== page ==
Everybody thinks their local council is the barmiest. There’s a telling passage in the excellent Private Eye: the First 50 Years where Rotten Boroughs editor Tim Minogue tells how he only has space for six or seven stories each fortnight – but reckons he gets 60-70 viable stories each week, many of which are getting ignored by local media. To be fair, the News Shopper and Mercury have upped their game a bit in recent months. But the Shopper’s editorial priorities remain in cuckoo-land (or maybe chicken land) while Mercury proprietor Ray Tindle still refuses to give his free paper a proper web presence, shutting it out of the 21st century debate.
(Tindle’s eccentric policy also means you can’t see that you can’t see the South London Press following up my story from a month ago about Southeastern covering up Oyster card readers at Blackheath station and pocketing the excess fare.)
Greenwich’s problem is its insularity, together with a communications strategy based around reputation management (here’s a picture of the council leader with some kids) rather than engaging with people (unless they are “key stakeholders”) or passing on useful information (like when a foot tunnel is closed). Entering a council meeting is like walking into an alternative reality, where the incumbents can do no wrong.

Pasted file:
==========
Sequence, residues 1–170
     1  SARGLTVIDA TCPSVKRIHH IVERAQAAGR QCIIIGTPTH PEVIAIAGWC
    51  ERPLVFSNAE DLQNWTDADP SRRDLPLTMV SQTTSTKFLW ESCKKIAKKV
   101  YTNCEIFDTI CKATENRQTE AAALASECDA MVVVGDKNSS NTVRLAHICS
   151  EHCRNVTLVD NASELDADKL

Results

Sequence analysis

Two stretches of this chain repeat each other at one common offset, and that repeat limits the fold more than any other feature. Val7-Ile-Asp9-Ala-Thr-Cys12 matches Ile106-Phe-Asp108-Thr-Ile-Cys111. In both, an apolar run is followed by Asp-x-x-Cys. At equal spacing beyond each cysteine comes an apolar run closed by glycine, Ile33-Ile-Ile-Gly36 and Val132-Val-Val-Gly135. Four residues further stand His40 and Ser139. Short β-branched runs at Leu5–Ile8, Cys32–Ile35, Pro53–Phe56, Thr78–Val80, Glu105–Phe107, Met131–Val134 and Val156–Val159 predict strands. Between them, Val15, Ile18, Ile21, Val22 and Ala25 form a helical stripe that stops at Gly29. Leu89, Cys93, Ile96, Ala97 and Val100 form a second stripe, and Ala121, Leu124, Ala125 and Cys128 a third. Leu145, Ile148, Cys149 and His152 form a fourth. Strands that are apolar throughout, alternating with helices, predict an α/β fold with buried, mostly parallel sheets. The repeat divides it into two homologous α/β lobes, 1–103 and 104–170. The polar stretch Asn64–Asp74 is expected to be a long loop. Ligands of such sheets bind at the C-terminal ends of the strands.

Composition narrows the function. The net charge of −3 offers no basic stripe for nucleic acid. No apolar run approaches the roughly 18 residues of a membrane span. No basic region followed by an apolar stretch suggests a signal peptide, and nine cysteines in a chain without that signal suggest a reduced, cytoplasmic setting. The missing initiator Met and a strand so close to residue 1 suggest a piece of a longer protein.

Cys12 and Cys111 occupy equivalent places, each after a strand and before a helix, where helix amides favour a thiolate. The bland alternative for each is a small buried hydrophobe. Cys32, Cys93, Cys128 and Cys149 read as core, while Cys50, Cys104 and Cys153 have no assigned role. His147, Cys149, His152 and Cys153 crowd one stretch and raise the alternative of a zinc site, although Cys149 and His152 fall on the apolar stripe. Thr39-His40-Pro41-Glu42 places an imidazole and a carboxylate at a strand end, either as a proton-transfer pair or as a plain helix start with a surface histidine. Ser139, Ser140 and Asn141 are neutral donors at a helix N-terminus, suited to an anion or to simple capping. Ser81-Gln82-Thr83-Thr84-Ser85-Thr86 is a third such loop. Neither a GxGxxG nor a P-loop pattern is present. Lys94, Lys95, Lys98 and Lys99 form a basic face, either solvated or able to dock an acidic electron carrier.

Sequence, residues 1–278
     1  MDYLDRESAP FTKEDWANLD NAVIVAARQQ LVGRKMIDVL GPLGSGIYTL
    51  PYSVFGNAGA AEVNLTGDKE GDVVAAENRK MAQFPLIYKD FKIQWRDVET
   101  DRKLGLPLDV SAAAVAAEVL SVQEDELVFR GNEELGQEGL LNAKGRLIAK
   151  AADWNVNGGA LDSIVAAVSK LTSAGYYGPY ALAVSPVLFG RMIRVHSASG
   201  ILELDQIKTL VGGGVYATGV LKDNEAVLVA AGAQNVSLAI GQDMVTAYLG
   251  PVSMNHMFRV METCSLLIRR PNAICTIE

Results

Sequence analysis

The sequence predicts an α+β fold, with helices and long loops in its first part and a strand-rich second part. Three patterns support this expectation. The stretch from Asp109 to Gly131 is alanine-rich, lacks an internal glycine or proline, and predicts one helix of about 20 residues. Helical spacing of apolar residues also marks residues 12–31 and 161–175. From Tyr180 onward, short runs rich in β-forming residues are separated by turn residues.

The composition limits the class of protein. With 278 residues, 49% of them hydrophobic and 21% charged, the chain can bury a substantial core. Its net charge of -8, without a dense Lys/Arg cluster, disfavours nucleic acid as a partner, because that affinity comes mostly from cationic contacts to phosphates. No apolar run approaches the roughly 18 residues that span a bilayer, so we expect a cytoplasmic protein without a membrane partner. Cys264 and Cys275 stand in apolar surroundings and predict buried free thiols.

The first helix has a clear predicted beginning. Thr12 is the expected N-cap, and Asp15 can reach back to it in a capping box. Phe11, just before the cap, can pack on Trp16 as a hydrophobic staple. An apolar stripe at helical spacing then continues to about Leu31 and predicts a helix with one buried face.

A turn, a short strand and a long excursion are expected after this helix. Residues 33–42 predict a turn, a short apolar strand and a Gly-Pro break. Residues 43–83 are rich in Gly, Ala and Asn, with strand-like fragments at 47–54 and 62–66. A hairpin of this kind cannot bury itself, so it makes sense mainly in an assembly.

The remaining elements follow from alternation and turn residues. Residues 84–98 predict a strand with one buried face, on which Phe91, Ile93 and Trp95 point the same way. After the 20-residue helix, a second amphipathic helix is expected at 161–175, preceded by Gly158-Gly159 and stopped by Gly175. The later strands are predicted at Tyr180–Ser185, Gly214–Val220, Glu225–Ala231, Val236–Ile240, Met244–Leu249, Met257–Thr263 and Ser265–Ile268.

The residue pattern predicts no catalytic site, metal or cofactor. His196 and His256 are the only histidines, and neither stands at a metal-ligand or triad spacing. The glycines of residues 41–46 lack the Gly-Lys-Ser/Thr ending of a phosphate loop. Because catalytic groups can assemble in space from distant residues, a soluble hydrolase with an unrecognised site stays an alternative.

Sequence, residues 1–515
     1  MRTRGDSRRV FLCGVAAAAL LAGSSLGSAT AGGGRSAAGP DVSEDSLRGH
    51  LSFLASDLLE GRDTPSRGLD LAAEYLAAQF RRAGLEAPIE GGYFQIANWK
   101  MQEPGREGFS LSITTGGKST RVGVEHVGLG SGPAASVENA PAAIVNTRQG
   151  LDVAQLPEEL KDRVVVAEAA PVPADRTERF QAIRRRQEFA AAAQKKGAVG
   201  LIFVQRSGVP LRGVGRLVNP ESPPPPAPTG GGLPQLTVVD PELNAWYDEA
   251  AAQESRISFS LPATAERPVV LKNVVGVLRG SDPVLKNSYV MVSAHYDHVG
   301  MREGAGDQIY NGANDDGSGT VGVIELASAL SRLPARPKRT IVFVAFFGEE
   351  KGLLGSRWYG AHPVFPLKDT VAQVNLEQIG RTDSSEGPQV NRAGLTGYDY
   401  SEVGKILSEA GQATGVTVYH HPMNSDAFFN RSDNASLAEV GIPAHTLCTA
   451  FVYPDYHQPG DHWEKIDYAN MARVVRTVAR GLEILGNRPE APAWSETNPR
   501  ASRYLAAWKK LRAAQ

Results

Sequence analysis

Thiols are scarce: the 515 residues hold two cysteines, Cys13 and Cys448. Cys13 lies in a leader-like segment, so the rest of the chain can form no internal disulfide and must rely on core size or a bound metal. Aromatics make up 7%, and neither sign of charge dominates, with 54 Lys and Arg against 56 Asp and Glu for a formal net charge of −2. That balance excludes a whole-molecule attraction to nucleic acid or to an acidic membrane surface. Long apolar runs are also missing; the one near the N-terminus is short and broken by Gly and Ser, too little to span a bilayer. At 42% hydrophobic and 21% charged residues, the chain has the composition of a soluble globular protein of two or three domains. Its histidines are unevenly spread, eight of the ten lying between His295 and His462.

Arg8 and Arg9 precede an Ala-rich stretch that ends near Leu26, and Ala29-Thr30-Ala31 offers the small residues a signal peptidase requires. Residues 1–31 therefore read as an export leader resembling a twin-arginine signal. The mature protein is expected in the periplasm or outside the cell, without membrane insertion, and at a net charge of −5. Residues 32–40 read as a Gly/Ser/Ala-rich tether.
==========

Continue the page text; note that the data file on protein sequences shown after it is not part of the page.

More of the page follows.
The Woolwich riots – the footage of which still shocks, nearly five months on – was a case in point. Locals’ reactions to a traumatic event got brushed under the carpet by a council more keen on asserting its will than listening to to its people. Don’t just take my word for it – ask local Claire Burlington.
You’d think that after a display of societal breakdown, community feeling would be encouraged and celebrated by the powers that be. Out here it seems that Greenwich Council just want to pretend none of it happened – even the good bits. They even pulled out of attending a public meeting about how to move on after the riots, and just held a private one for local businesses.
Anyway, even if the council is determined to turn a blind eye to efforts of locals to rally round and build something good, the residents of southeast London are, frankly, so used to being ignored that they’ll just get on and do what they’re going to do anyway.